What is the status of the evolving international sanctions against Ukraine and Russia?

Since the recent escalation of the Ukraine crisis in March, there have been almost daily developments regarding economic sanctions – ranging from details of implementation to proposals for new or tougher measures. This report provides a snapshot of the current sanctions, how they apply to financial institutions doing business in or with Ukraine and Russia and their customers and counterparties, compliance requirements in different scenarios, and where sanctions might be headed in the near future.

  1. Current Sanctions
  1. Who has imposed sanctions?

A number of jurisdictions have introduced sanctions measures in response to the situation in Ukraine, including the United States (US), the European Union (EU), Canada, and Australia, and other countries may do so. Russia also has responded with its own sanctions, imposing a travel ban on specified US officials. This report will focus on the main sanctions imposed by the US and the EU.

  1. What are the current US and EU sanctions measures?

In March 2014, the US issued three Executive Orders pursuant to which the Obama administration imposed sanctions on 31 individuals and one Russian bank, Bank Rossiya, and set the stage for more sweeping sanctions that potentially may be imposed against individuals and entities in various sectors of the Russian economy.1   On April 3, 2014, the US also enacted legislation that supplements the Executive Orders and authorizes potential sanctions against additional categories of Ukrainian and Russian persons.In particular, the current US sanctions require US persons (including US citizens, banks incorporated in the US, including foreign branches, and any individual or entity located in the United States including US branches of non-US banks) to block (freeze) all property or interests in property of designated parties, where such property or interests in property are or come within the United States or the possession or control of US persons anywhere in the world. The US sanctions also prohibit US persons from engaging, directly or indirectly, in any dealings with, or for the benefit of, designated parties. Non-US financial institutions also may be subject to these restrictions if they act in the United States or their transactions have some other US nexus. Designated individuals also are subject to a visa ban.3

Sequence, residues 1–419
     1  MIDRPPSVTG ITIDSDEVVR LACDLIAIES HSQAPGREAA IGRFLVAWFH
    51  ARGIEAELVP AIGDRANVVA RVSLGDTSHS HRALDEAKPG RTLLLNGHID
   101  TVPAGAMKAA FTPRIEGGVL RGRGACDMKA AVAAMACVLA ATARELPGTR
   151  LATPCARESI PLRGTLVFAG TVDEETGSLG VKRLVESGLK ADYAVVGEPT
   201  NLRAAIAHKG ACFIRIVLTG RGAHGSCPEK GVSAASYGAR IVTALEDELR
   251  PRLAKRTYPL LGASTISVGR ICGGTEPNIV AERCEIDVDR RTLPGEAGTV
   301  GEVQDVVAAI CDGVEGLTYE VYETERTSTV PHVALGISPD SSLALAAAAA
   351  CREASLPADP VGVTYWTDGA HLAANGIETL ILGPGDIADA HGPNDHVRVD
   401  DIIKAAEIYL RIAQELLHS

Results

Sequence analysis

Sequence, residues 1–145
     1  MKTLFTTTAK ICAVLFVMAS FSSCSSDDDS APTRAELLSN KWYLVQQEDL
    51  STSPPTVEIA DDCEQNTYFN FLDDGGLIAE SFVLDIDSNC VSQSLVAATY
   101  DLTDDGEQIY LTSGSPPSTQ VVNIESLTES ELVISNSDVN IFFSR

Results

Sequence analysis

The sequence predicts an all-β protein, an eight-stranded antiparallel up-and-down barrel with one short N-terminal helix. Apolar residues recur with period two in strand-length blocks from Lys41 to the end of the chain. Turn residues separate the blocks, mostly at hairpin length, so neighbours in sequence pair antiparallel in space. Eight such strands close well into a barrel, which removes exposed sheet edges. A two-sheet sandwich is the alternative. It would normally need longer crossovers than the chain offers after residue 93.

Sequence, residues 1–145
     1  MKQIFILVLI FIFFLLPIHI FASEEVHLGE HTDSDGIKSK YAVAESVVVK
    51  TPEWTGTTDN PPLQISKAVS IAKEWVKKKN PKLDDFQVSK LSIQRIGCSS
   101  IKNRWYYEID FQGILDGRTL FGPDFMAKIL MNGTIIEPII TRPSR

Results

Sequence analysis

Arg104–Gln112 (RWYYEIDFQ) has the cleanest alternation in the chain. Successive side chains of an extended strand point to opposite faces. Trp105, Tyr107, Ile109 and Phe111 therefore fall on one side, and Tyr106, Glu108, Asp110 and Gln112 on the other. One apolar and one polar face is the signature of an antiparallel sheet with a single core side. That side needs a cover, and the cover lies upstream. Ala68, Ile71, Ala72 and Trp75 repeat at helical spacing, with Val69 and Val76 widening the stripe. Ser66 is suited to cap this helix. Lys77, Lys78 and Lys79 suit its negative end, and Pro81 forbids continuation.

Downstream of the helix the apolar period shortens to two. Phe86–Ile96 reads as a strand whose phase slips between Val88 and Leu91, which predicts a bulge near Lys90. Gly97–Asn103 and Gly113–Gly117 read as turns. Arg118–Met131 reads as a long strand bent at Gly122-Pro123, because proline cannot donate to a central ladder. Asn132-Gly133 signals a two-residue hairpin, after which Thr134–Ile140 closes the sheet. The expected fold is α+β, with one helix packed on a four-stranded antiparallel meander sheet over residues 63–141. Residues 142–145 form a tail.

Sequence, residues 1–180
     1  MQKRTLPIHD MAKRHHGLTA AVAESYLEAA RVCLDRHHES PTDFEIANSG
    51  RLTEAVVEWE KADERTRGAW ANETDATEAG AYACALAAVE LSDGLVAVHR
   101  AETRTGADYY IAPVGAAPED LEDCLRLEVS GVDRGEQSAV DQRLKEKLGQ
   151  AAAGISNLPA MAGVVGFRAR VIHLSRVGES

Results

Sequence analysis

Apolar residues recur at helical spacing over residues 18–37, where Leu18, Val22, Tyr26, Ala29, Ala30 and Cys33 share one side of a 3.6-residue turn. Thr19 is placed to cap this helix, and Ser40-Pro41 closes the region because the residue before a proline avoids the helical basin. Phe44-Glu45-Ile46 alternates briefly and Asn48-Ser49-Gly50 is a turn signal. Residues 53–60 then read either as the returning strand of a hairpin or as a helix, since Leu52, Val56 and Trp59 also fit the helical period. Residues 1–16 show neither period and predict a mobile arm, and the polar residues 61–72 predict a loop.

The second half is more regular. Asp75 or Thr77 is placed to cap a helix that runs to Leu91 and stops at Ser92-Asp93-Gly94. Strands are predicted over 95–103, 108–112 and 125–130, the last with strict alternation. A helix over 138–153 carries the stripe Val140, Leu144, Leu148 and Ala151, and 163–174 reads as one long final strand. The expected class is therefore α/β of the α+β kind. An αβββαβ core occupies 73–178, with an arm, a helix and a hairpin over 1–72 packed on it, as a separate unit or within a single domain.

The Executive Orders also target entities that are owned or controlled by designated parties. As a general rule, entities with 50% or greater ownership interest held by a designated party, directly or indirectly, are treated like designated parties and are deemed blocked (together with designated parties, referred to as “blocked persons”) even in the absence of a specific designation. Absent a license, US persons likewise must block (freeze) the property of such blocked parties and are restricted from dealing with them, directly or indirectly.  With respect to entities in which a designated party has a significant ownership interest that is less than 50%, or which a designated party may control by means other than a majority ownership interest, US persons are advised to act with caution as these parties may be designated in the future.